KSR2 Is an Essential Regulator of AMP Kinase, Energy Expenditure, and Insulin Sensitivity

Diane L. Costanzo-Garvey, Paul T. Pfluger, Michele K. Dougherty, Jeffery L. Stock, Matthew Boehm, Oleg Chaika, Mario R. Fernandez, Kurt Fisher, Robert L. Kortum, Eun Gyoung Hong, John Y. Jun, Hwi Jin Ko, Aimee Schreiner, Deanna J. Volle, Tina Treece, Amy L. Swift, Mike Winer, Denise Chen, Min Wu, Lisa R. LeonAndrey S. Shaw, John McNeish, Jason K. Kim, Deborah K. Morrison, Matthias H. Tschöp, Robert E. Lewis

Research output: Contribution to journalArticlepeer-review

114 Scopus citations


Kinase suppressors of Ras 1 and 2 (KSR1 and KSR2) function as molecular scaffolds to potently regulate the MAP kinases ERK1/2 and affect multiple cell fates. Here we show that KSR2 interacts with and modulates the activity of AMPK. KSR2 regulates AMPK-dependent glucose uptake and fatty acid oxidation in mouse embryonic fibroblasts and glycolysis in a neuronal cell line. Disruption of KSR2 in vivo impairs AMPK-regulated processes affecting fatty acid oxidation and thermogenesis to cause obesity. Despite their increased adiposity, ksr2-/- mice are hypophagic and hyperactive but expend less energy than wild-type mice. In addition, hyperinsulinemic-euglycemic clamp studies reveal that ksr2-/- mice are profoundly insulin resistant. The expression of genes mediating oxidative phosphorylation is also downregulated in the adipose tissue of ksr2-/- mice. These data demonstrate that ksr2-/- mice are highly efficient in conserving energy, revealing a novel role for KSR2 in AMPK-mediated regulation of energy metabolism.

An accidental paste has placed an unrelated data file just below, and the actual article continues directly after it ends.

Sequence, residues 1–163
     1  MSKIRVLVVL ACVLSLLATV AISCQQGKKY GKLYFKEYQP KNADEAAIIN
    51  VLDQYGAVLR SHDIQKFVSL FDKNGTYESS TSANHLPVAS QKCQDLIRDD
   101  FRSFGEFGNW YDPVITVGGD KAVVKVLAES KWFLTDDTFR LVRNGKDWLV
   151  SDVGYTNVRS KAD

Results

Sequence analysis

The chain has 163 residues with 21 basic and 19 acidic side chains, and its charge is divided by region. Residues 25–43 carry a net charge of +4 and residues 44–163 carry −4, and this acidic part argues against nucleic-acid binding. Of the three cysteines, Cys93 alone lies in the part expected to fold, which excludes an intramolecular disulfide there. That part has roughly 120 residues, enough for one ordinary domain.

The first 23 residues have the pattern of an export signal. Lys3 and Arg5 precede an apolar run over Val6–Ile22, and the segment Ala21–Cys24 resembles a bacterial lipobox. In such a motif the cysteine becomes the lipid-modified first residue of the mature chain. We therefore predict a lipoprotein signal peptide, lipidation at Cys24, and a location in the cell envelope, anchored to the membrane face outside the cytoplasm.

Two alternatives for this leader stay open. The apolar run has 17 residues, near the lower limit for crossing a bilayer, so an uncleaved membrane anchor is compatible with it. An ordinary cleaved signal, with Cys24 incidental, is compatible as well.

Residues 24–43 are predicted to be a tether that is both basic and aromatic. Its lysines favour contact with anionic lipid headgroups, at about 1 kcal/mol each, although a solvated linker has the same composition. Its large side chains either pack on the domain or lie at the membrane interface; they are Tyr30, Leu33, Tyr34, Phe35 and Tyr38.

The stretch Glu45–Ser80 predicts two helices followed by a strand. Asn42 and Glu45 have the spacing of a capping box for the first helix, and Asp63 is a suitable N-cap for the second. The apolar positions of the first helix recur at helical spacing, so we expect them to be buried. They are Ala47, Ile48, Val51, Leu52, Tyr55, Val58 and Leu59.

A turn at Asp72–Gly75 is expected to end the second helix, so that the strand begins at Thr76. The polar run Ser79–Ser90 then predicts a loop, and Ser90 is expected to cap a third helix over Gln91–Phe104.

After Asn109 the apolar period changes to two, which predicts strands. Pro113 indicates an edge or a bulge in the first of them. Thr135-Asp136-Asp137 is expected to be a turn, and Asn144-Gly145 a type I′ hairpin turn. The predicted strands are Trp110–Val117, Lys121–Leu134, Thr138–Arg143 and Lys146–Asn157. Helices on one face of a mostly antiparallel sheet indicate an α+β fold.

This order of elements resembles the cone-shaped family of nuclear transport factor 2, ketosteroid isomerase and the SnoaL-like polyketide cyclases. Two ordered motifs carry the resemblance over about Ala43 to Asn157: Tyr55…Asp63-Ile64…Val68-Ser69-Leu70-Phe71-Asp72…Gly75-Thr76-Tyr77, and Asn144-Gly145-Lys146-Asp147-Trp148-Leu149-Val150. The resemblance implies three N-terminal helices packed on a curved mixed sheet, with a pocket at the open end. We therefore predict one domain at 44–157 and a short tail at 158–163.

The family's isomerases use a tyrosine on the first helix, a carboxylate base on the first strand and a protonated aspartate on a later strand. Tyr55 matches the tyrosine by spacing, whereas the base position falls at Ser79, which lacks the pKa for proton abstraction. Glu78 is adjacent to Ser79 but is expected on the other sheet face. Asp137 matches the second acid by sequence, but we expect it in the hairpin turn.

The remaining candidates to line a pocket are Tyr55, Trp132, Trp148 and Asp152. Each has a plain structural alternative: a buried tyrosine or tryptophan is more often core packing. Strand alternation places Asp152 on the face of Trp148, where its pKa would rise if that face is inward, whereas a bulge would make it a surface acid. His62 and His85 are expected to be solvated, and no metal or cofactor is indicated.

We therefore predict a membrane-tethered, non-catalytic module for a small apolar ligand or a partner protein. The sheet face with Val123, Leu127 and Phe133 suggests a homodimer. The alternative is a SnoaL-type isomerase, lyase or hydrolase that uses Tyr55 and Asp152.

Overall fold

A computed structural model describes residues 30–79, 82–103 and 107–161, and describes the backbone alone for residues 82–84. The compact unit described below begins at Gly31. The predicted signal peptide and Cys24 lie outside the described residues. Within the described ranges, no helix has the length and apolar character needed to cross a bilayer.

Original languageEnglish (US)
Pages (from-to)366-378
Number of pages13
JournalCell Metabolism
Issue number5
StatePublished - Nov 4 2009



ASJC Scopus subject areas

  • Physiology
  • Molecular Biology
  • Cell Biology


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